The Year in Self-Service Technology

The Year in Self-Service Technology

What worked, and a look ahead to 2023

The past year has certainly been tumultuous. On the one hand, the world continued its welcome return to some sense of normalcy in the wake of the recent pandemic. On the other hand, supply chain issues and other complications led to unprecedented challenges and a level of inflation not seen in decades.

Combine that with “the Great Resignation,” which found businesses of all types struggling with staff shortages and skyrocketing wages.

All of these factors, and others, have helped to drive the ever-increasing adoption of self-service technology. A recent report from Allied Market Research projects that the global market for self-service technologies will top $88.3 billion by 2030, up from $32.2 billion in 2020.

The 10.5% projected compound annual growth rate of the self-service technology market is significantly higher than pre-COVID projections. Other drivers include increased demand, continuing social distancing practices and a desire for contactless transactions. Verticals seeing an increase in the adoption of self-service technology include retail, restaurants, hospitality, healthcare and manufacturing.

And thanks to the prevalence of smartphones, tablets and wearable technology, consumers are more than comfortable with the self-service interactions that take place via interactive touchscreens. With that in mind, let’s look at some recent self-service successes.

Winning trends

Before we begin our overview, let’s start by defining some terms.

First, what is self-service? Simply put, self-service is the practice of completing a transaction without the help of staff, typically when making purchases or ordering goods or services.

And what is self-service technology? Examples include self-service kiosks, touchscreen digital displays, mobile devices and more, with use cases including ATMs at the bank or in a convenience store, check-in kiosks at the doctor’s office, “endless aisle” kiosks at a retail store and wayfinding displays on college campuses along with self-order and self-checkout stations at restaurants or grocery stores.

Also included are those technologies that help facilitate self-service, including 5G connectivity, cloud computing and Internet-of-Things devices.

Here are some of the top self-serve technology trends of the past year.

Telehealth – Although telehealth, or the concept of having a remote interaction with a healthcare professional, has long been touted as a use case for interactive kiosks, the pandemic brought it into prominence and the trend shows no sign of slowing down. One study, for example, projects the market for telehealth kiosks will grow at a 12.79% compound annual rate over the next 10 years, reaching $40 billion by 2032.

In mid-2022, Delaware expanded its deployment of telehealth kiosks after a 2021 pilot program. The kiosks will be used to increase healthcare access to rural and underserved communities in the state. Along with allowing residents to sign up for health insurance and consult with a doctor, the kiosks can be used to access employment assistance and legal services.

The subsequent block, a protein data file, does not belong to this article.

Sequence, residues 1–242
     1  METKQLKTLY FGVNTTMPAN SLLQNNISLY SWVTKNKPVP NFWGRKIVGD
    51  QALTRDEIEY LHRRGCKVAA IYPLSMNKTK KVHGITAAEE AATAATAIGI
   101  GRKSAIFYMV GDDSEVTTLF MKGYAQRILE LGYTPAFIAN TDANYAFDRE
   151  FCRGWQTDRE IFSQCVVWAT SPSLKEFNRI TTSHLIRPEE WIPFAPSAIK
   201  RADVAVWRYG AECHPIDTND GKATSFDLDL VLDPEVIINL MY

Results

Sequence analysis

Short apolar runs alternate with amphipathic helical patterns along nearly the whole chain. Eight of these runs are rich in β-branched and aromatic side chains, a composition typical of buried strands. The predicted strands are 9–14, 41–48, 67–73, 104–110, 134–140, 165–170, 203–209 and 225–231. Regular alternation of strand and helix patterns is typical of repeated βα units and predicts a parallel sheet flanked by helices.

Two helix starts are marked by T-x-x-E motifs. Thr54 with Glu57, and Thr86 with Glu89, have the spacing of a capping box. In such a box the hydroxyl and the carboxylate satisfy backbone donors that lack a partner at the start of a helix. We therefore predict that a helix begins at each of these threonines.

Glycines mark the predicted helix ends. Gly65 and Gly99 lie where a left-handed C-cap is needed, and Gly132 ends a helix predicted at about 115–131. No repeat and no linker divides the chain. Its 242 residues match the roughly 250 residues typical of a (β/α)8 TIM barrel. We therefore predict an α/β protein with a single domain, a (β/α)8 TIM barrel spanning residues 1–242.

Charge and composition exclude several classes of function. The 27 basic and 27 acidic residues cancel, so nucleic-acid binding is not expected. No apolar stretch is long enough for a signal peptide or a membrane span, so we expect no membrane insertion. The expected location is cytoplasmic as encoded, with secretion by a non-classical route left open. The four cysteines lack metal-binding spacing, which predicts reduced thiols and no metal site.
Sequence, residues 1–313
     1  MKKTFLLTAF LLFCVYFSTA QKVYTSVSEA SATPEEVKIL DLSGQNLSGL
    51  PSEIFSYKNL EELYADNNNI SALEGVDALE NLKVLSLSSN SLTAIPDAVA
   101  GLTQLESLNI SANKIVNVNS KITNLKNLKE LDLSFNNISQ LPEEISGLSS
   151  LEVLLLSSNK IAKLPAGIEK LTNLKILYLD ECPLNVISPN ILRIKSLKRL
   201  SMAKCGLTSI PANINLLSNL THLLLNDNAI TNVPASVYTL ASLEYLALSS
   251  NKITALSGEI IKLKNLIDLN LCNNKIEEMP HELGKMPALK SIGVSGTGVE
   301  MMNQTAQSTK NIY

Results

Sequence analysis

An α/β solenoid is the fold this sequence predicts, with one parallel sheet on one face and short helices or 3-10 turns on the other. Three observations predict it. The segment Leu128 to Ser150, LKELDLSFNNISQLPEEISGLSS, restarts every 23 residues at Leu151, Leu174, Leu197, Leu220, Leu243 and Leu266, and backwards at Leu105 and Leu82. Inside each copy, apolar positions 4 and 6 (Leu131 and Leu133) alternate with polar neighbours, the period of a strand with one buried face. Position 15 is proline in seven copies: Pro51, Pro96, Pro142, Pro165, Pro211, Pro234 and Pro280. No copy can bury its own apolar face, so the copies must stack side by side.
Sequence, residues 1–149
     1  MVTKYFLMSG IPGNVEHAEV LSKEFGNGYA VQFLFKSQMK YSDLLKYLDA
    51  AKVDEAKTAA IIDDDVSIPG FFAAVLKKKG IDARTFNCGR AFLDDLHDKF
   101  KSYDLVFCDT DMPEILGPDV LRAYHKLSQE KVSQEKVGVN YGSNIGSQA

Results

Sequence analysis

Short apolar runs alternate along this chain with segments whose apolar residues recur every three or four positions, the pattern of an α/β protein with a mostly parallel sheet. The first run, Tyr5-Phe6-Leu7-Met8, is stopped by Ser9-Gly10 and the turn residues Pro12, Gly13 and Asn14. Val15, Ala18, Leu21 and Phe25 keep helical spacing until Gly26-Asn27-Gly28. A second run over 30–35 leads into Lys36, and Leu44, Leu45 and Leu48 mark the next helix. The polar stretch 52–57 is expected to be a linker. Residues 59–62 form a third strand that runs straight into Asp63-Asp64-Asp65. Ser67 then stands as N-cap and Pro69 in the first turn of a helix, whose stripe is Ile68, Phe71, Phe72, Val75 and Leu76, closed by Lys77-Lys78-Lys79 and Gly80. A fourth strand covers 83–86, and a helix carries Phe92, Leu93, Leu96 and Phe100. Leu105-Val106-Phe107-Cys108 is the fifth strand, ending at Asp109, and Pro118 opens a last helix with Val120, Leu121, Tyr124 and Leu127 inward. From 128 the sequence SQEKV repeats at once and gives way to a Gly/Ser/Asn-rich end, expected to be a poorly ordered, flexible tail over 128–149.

And out west, Texas A & M University is testing whether telehealth kiosks can be a solution to areas of the state suffering from a shortage of physicians and a lack of medical clinics. The Texas Organization of Rural & Community Hospitals notes that 26 rural hospitals in the state have closed since 2010 and 35 counties have no physicians at all.

QR codes – Once thought to be on the way out, QR codes found new life during the pandemic as consumers continued to seek contact-free experiences. A QR code on a menu or restaurant tabletop allows diners to order their meals from a mobile device without having to interact with a server. At a concert or sporting event, QR codes serve as your ticket. On a store shelf, a QR code brings up more information about a product. QR codes are even appearing in television commercials to deliver coupons.

Downloads of QR codes skyrocketed by 750% during the pandemic. Thanks to the increasing penetration of smartphones, studies indicate that a billion smartphones will have access to QR Codes by the end of 2022, with more than 5 billion QR codes used for coupon redemption alone.

Data-driven decision-making Every interaction with a self-service device produces a record that can be used by deployers to spot trends and help improve service offerings. Additionally, the devices themselves can use the records to better meet user needs while at the same time increasing sales.

For example, if a user of a self-order kiosk at a quick-service restaurant chooses a chicken sandwich with onion rings, and the kiosk knows that users placing similar orders often order a (high-margin) chocolate shake, the device can automatically suggest adding a chocolate shake to the order. Or if an IoT sensor on the roof of a retail store detects that it’s raining, a retail self-service checkout device might suggest the purchase of an umbrella conveniently located within arm’s reach.

Personalization — One of the main consumer complaints when it comes to self-service digital devices is the impersonal nature of the transaction. Fortunately, those complaints are being addressed with personalization. By swiping a loyalty card, entering a phone number or interacting with a mobile app, self-service devices can greet users by name, acknowledge birthdays or anniversaries and make suggestions based on previous purchases. Studies indicate that 44% of consumers will become repeat buyers after a personalized experience with a brand, and personalized interactions can increase revenue by up to 15%.